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PJ Washington’s legacy at Kentucky is creating a new path to the NBA

We’re about to enter the time of year when the question of which freshmen stay and which go to the NBA dominates the Kentucky Basketball landscape; thanks to PJ Washington, one of those options looks a whole lot better.

Last summer, PJ passed on the NBA to return to school to improve his stock, a gamble that’s paid off. Last year, he was projected to be a second round pick; now, ESPN’s Jonathan Givony has him going in the lottery. This morning, he became an NCAA Consensus All-American, Kentucky’s first since Malik Monk in 2017, the ninth under John Calipari, and the 39th in program history.

Sunday’s result makes legacy talk tricky, but I’d argue PJ’s biggest contribution is proving that the one-and-done route isn’t the only path to the NBA at Kentucky. Coming into this season, an unfortunate pattern was starting to form in Lexington. The best of the best freshmen were able to get drafted just fine, but the tier just below, of which we’ve seen more and more in recent years, came in with the same expectations only to be disappointed. Sometimes, that sense of failure led players to transfer. Sometimes it led players to go pro anyway and try their chances in the G-League. Whatever the reason, it was a troubling trend that needed to be nipped in the bud, and should PJ be drafted as high as expected, he’ll be the one to do it, which could have an immeasurable impact on the program for years to come.

Let’s dip into how he did it, starting with how his numbers improved from freshman to sophomore year:

Here are the areas in which PJ improved his game the most:

Scoring: 32.4% increase

This year, PJ scored 531 points (15.2 points per game), an increase of 32.4% from last season’s 401 (10.8 points per game). In the final 18 games he played this season, he averaged 18.3 points, an even bigger increase from last season. More often than not, when Kentucky’s offense stalled, PJ played savior, bullying inside for easy buckets. If there was a category for “games saved,” he might lead it.

Three-point shooting: Improved by 177%

The number one thing NBA teams advised PJ to do was expand his game. After going only 5-21 (23.8%) from three-point range last season, that was a tall task, but PJ proved the naysayers wrong, hitting 33-78 (42.3%) from the outside this season. Against Auburn in Rupp Arena this year, he hit a career-high five threes, tying his total from last season.

Rebounding: 25.1% increase

Another piece of advice PJ received from the NBA: work harder on the boards. Last season, he had 211 rebounds across 37 games for an average of 5.7 per game; this year, he had 264 rebounds in 35 games for an average of 7.5 per game. All of that while sharing the middle with Reidbound Travis. As a result, he finished with nine double doubles this year to only three last year. Impressive.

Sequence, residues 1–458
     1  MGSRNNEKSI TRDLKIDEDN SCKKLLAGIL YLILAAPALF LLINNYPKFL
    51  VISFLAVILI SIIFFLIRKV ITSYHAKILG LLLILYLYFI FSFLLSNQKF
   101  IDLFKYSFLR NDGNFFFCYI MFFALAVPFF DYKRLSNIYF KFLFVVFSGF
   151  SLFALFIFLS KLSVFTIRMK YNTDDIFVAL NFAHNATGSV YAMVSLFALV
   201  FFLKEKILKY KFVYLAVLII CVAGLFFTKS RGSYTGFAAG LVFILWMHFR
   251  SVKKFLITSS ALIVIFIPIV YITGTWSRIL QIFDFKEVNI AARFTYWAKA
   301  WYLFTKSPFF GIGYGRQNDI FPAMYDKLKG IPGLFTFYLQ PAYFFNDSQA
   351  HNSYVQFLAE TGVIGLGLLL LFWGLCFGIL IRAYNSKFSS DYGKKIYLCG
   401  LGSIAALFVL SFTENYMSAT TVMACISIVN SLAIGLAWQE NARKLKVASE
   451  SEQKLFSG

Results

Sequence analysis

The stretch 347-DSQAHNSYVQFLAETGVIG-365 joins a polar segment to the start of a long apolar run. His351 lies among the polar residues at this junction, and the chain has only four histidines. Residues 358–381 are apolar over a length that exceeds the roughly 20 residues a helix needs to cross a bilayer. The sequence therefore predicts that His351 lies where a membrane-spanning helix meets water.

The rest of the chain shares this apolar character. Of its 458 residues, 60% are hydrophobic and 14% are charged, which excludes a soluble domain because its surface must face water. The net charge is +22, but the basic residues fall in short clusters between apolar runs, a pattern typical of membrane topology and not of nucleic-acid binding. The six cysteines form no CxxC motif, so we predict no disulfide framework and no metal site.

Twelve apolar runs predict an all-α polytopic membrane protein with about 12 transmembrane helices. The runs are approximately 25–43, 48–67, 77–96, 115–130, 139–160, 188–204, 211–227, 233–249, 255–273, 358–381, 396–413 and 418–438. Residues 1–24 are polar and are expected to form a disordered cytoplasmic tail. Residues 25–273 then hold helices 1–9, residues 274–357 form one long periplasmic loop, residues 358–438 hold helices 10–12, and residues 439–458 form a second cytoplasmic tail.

Whether Keldon Johnson and Tyler Herro decide to go to the NBA this year remains to be seen, but PJ’s proved that’s not the only viable option if you need some extra time to develop; for that, be thankful.

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Article written by Mrs. Tyler Thompson

No, I will not make you a sandwich, but you can follow me on Twitter @MrsTylerKSR or email me.

11 Comments for PJ Washington’s legacy at Kentucky is creating a new path to the NBA



  1. nocode96
    8:11 pm April 2, 2019 Permalink

    Great article TT. He’s special and for Kentucky basketball, his trajectory and handling of the draft may be a huge thing for our recruiting. I’ll miss him when he’s gone.



  2. Bluebloodtoo
    8:40 pm April 2, 2019 Permalink

    I think…maybe… That’s a 31% increase in rebounds? Wouldn’t that be 1.8 rpg increase from the base of 5.7? Maybe my math is “fuzzy”.



    • Mrs. Tyler Thompson
      8:43 pm April 2, 2019 Permalink

      I was going off the base # of rebounds (264 vs. 211). Per game is a little different since he played in two fewer games this season than last due to injury.



    • Bluebloodtoo
      11:50 am April 3, 2019 Permalink

      But if you used rebounds per game, that should normalize the difference in quantity of games, yes?



  3. makebasketballplays
    8:45 pm April 2, 2019 Permalink

    Will he be a lottery pick?



  4. sickofit1996
    8:47 pm April 2, 2019 Permalink

    The next Charles Barkley!!!!!!!



  5. Just saying
    9:26 pm April 2, 2019 Permalink

    Special player and young man. But the decision to come back for year 2 was based upon his draft status after year 1. Would have been a late second rounder. I am glad he came back -right decision.



  6. Kyceltsfan
    10:14 pm April 2, 2019 Permalink

    Great article, I agree with you! PJ’s decision to come back for another year and actually get better may prove to be a good influence on future players who are on the fence of going pro or staying in school.



  7. TPACAT
    11:05 pm April 2, 2019 Permalink

    How about “Free throw shooting in big games”?



  8. tdub
    8:20 am April 3, 2019 Permalink

    Thanks PJ, smart decision long term. Wish others were that smart. Most aren’t ready for NBA after just one year. Enjoyed watching you. Good luck in all you do, go make some big bucks.



  9. catdaddyd
    7:54 pm April 4, 2019 Permalink

    Nbadraft.net got him going in the second round.